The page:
Oct 12, 2015

Honoring Our Ancestors

Smithsonian Latino Center (SLC)

Smithsonian Latino Virtual Museum Day of the Dead/ Día de los Muertos

Day of the Dead 
El Día de los Muertos (Day of the Dead) is a day of celebration, particularly for the people in Mexico and Central America, and for Mexican Americans in the United States. It is a day to honor and commemorate the lives of the dearly departed and to welcome the return of their spirits.   The tradition of the Day of the Dead is rooted in pre-Columbian and Spanish Catholic ritual customs. Today, this celebration has been increasingly popular among Latinos in the United States. Though many of the traditional elements have remained, the way and where the Day of the Dead is celebrated has changed. However, the unity of life and death continues to be the dominant theme of the art, tradition, and rituals of the annual celebration of the Day of the Dead on November 2, both in Mexico and the United States. 

The Day of the Dead celebrations at the Hollywood Forever Cemetery in Los Angeles, CA are known world-wide for their elaborate family altars, live performances leading up to the actual day and the large crowds that come to celebrate this significant cultural tradition.

In this interactive altar, people were asked to write the name of their deceased loved one on a Popsicle stick.

Pre-Columbian Customs & Beliefs
 For pre-Columbian cultures, life and death were not two independent states of being―death was an important part of the life cycle through which new life was created. The Day of the Dead may have also been related to the cyclical nature of agriculture because trees, plants, and crops grow from the ground in which the dead were buried. 
Thousands of years prior to the Spanish Conquest ethnic groups of the region including Olmec, Mayas, Toltecs, and Aztecs honored their dead with rituals by burying them in graves with offerings that included pottery, jewelry, textiles, food, and household objects.   Special months to honor and commemorate the deceased were dedicated, separating celebrations based on age and mode of death such as drowning, childbirth, or warfare.  During these months of celebration, the indigenous people believed that the deceased would return and they would need to offer gifts, flowers, food, incense, dances, and music as a way of gaining their favor.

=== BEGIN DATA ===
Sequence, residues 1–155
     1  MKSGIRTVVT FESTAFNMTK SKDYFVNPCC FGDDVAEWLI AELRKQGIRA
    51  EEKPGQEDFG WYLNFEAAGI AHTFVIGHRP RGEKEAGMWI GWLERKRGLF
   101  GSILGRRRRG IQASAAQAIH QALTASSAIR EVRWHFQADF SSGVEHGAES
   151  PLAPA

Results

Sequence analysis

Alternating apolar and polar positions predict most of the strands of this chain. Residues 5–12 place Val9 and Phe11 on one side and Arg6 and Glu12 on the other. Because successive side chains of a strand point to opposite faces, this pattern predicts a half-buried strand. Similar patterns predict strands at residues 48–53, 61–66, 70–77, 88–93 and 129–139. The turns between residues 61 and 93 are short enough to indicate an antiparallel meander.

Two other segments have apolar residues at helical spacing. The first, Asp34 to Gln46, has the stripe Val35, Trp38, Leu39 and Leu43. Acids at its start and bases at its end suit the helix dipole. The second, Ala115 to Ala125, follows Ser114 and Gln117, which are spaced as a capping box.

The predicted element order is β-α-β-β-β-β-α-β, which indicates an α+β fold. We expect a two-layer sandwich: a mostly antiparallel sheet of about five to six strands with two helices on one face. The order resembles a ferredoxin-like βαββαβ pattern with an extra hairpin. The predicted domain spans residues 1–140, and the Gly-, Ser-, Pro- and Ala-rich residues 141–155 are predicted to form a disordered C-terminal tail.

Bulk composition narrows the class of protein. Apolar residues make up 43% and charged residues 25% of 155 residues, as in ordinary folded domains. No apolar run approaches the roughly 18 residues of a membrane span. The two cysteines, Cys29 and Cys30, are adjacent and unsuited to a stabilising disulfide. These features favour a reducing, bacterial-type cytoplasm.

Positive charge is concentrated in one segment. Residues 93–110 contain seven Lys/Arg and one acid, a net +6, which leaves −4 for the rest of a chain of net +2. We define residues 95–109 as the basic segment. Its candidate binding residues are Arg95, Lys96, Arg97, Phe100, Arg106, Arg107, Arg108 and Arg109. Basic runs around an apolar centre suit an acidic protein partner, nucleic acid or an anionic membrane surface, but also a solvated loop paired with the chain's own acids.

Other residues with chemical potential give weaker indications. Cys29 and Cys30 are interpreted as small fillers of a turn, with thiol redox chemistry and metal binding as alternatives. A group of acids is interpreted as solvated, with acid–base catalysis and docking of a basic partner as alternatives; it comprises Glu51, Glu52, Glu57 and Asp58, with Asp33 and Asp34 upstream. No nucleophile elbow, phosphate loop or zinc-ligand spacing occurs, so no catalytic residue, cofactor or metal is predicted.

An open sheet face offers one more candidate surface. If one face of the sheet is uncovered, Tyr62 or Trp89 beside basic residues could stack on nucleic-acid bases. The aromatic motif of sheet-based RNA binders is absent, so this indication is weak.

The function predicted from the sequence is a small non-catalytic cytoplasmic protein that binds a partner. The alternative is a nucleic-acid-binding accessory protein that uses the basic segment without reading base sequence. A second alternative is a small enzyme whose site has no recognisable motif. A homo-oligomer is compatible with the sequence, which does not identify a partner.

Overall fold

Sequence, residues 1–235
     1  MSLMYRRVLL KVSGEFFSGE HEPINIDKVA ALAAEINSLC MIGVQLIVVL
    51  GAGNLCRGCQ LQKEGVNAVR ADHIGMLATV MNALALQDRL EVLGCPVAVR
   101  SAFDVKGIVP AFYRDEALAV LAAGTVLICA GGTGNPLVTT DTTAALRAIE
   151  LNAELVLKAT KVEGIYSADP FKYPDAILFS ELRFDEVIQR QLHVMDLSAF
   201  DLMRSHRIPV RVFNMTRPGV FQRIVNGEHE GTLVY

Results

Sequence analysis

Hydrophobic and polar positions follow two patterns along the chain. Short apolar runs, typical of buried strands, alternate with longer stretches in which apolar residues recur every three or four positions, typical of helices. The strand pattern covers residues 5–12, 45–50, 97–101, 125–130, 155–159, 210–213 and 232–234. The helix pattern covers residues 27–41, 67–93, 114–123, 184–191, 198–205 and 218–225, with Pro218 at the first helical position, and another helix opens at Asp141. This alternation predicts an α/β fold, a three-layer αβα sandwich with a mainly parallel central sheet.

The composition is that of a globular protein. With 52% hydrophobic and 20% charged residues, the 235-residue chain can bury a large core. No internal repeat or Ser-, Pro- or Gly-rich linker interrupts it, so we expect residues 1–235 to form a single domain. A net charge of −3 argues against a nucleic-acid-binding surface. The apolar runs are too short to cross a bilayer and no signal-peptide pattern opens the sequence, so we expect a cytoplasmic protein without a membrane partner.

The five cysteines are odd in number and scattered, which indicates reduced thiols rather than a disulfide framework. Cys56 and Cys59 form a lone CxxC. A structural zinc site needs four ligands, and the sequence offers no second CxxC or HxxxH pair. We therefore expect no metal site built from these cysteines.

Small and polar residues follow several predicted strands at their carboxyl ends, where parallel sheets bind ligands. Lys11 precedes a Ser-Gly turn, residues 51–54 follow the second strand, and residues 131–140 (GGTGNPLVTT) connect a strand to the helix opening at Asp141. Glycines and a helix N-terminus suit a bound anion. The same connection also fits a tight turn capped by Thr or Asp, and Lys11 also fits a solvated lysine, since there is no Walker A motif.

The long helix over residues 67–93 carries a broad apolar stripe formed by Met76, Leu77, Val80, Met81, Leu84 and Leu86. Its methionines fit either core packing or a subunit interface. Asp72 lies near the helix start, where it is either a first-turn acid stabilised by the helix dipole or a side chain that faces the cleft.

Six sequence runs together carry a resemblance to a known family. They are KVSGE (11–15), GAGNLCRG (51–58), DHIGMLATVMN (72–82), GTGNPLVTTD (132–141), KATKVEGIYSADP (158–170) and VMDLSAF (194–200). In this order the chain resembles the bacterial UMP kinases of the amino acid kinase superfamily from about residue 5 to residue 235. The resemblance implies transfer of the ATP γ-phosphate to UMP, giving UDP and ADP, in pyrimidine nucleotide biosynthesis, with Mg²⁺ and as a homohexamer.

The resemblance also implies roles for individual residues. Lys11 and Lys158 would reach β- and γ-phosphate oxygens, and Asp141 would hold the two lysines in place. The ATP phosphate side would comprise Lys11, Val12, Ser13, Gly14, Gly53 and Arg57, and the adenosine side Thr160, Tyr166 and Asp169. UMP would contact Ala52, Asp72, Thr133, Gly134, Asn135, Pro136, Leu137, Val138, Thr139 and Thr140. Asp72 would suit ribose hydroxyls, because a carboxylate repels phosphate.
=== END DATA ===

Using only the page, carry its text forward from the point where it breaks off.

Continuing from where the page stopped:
Oversized representations of divine figures are very common to denote the strong presence of the deity is still watching over the cycles of life and death.

Aztec Blessing Performance
Hollywood Forever Cemetery. LVM, 2009.

The Ofrenda
The welcoming back of the spirits is observed in households with the creation of ofrendas.  The quality and degree of ornamentation of the ofrendas depend on regional traditions, family and individual wealth, recent deaths, or the year’s harvest. On the ofrenda, the main objects are symbolic of life’s elements: water, wind, fire, and earth. Water is served in a clay pitcher or glass to quench the spirit’s thirst from their long journey. Fire is signified by the candles that are lit. Wind is signified by papel picado (tissue paper cut-outs). The earth element is represented by food, usually pan de muerto (bread of the dead).  Other offerings include mole, fruit, chocolate, atole, toys, calaveritas de azúcar, and Copal incense. 

Storytelling is a key ingredient to any ofrenda. Families gather together and spend time sharing their stories and their family histories with one another. This cultural tradition brings family together. Each member of the family contributes to the storytelling.

Day of the Dead in the United States  
The contemporary Day of the Dead emerged during the Chicano Movement and has become part of the United States cultural mosaic in recent decades.  A wide range of activities are celebrated in different cultural and community venues. Children learned about the Day of the Dead tradition in classrooms or Americans can experience the celebrations in Mexico through the new cultural tourism.   Today, ofrendas combine traditional items such as calacas, sugar skulls, or pan de muerto with silk marigold flowers, electric candles and digital photo frames.  Ofrendas can honor family members or pop culture icons such as Frieda Kahlo and Celia Cruz. They can be personal statements of loss or can make social and political statements. Although the Day of the Dead continues to be transformed in many ways, the underlying sense of commitment to honoring the deceased loved ones and to celebrate life and death has remained.
Day of the Dead Folk Art
Accessories and decorations are a main element of every ofrenda. They are also an important part of the Mexican (and central American) household. 

Sugar Skull are the most iconic element of an altar. This tradition also stems from the Catholic Church, which centuries ago used to make sugar art to decorate religious altars. Families make these to make sugary offerings to the visiting spirits.

Music and Dance 
Music and dancing are important elements of the Day of the Dead tradition.  Mariachi, corridos, jarocho, traditional sones are among the music that is performed to honor the spirits. In Mexico, traditional dances such as La Danza de los Viejitos (the dance of the little old men) and La Danza de los Tecuanes (the dance of the tigers/jaguars) are also performed.  They add color and sound to the Day of the Dead celebrations. 
Highlights for the Hollywood Forever Day of the Dead Festival 2012
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